In the late 1960s/early 1970s, Metropolitan Structures (a subsidiary of Met Life) purchased the 195 acre Clarke farm. Metropolitan Structures proposed to the City of Naperville, as part of an annexation agreement, a Planned Unit Development (“PUD”). The PUD was very “dense”, calling for approximately an additional population of 10,000 – when the population of the City of Naperville was about 23,000. The density was partially due to a proposed 10-story building in the middle of the Clarke Farm and 5-story apartment buildings along 75th Street.
Resistance to this proposed PUD was initially from people in the Green Acres Subdivision and from the West Highlands Subdivision. As presentations against the PUD were made to the Naperville City Council, more citizens of the community became concerned about the proposed density. As a result the Naperville Area Homeowners Association was formed in order to have more people in other subdivisions, within and outside the city limits, involved in the discussions with the Naperville City Council. A major concern was that, if approved, a precedent would have been set which could have resulted in other farms also being developed with high-density PUDs.
The Naperville City Council did not approve the proposed PUD or revisions to the PUD. Metropolitan Structures then sold the Clark Farm property to a developer named Weathersfield. Their PUD proposal was less dense with approximately an additional population increase of 6,000 people. It contained zero-lot line buildings as well as a road adjacent to the Green Acres Subdivision to be separated by a large berm immediately adjacent to the homes on South Lane in the Green Acres Subdivision. The Naperville Area Homeowners Association again made a number of presentations to the Naperville City Council that eventually resulted in the PUD being rejected.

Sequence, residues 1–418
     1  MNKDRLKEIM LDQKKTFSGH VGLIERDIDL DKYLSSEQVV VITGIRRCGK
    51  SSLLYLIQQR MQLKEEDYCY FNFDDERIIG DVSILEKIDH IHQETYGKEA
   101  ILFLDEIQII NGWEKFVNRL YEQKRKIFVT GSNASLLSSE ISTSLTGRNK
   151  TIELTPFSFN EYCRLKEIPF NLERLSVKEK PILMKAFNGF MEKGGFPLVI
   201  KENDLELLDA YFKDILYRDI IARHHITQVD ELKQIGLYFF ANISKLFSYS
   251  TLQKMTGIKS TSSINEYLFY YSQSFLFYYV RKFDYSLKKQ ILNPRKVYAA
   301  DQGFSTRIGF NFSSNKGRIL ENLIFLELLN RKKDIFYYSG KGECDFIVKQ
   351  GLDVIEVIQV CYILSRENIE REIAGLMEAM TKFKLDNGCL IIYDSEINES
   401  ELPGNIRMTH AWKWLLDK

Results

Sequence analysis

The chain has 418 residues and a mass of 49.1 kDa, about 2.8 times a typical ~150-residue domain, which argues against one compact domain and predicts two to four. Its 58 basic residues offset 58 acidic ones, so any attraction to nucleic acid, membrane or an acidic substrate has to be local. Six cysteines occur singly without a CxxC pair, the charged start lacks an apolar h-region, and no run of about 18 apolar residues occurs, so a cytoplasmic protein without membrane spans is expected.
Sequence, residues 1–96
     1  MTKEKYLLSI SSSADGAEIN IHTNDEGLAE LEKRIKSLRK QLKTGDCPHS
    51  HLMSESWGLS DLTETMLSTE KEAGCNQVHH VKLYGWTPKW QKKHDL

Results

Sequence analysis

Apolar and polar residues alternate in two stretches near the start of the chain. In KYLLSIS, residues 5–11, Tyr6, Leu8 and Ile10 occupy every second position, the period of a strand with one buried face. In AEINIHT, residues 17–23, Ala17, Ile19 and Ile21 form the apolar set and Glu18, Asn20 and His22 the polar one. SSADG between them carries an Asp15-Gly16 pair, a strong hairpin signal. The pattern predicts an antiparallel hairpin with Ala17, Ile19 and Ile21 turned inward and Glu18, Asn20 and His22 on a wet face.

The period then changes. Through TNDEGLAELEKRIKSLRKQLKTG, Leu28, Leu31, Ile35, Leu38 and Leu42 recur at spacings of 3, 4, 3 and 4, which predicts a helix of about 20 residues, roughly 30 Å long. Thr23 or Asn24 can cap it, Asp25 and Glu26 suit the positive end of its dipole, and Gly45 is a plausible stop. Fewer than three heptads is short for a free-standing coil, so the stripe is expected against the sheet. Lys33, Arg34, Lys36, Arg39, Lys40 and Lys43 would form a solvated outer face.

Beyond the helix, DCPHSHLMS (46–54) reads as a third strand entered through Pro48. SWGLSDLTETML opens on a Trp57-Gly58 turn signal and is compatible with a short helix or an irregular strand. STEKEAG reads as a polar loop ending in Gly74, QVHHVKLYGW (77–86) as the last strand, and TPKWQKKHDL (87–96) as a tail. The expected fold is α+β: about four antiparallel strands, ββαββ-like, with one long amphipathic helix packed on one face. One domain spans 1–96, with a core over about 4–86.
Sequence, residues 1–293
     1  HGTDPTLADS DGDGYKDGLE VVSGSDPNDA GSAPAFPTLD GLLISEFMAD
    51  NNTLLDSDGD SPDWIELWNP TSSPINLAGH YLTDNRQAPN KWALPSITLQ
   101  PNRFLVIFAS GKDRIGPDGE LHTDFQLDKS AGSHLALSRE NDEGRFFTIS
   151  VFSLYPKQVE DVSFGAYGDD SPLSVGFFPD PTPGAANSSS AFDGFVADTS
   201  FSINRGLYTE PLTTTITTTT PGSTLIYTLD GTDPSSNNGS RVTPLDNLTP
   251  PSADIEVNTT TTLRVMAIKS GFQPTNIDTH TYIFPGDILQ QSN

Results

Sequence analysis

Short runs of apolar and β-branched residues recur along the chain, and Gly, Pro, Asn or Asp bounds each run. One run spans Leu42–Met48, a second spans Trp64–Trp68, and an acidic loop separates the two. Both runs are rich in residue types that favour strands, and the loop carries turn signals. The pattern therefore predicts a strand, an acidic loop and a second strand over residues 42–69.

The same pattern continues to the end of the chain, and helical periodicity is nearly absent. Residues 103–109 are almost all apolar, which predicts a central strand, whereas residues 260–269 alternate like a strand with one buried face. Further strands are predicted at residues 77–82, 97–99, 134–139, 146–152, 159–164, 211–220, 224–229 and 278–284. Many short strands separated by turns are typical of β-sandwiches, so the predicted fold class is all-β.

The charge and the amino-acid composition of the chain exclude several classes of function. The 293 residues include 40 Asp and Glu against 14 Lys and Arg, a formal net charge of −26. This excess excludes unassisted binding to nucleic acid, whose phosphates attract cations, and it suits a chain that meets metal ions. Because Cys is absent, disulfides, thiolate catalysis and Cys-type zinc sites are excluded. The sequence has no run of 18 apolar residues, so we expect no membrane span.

Weathersfield then sold the Clarke Farm to Midam, Inc. (Mid-America Bank). Midam received approval from the Naperville City Council for their proposed PUD development of approximately 410 homes, a club house with a swimming pool and tennis court and other common areas. Midam developed the infrastructure – water lines, sewer lines, and roads.
Midam created the Hobson West Community Association, which is an Illinois non-for-profit corporation. Midam created By-Laws for the Association which call for the maintenance of grounds, entranceways, common areas, tennis court and other sports facilities. It set up a Board of Directors with the authority to set and collect annual dues/fees to fund expenses needed.
In April 1996, Midam had covenants recorded with DuPage County that protect the owners of Hobson West properties, provide high standards for maintenance of all Hobson West properties, and require the maintenance of all common areas reserved for use of Hobson West residents. The document contains such provisions about assessments, voting rights, elections of officers and Board of Director members, etc.
Midam turned over the common areas and the tennis courts/swimming pool, etc. to the Hobson West Community Association. Subsequently, the Board of Directors made a decision to donate the two ponds on over 9 acres (Hobson West Ponds) to the Naperville Park District.
Midam invited local developers to purchase lots and build houses. When the subdivision was almost built-out, Midam sold several of the last lots to individuals, who arranged to build their own homes.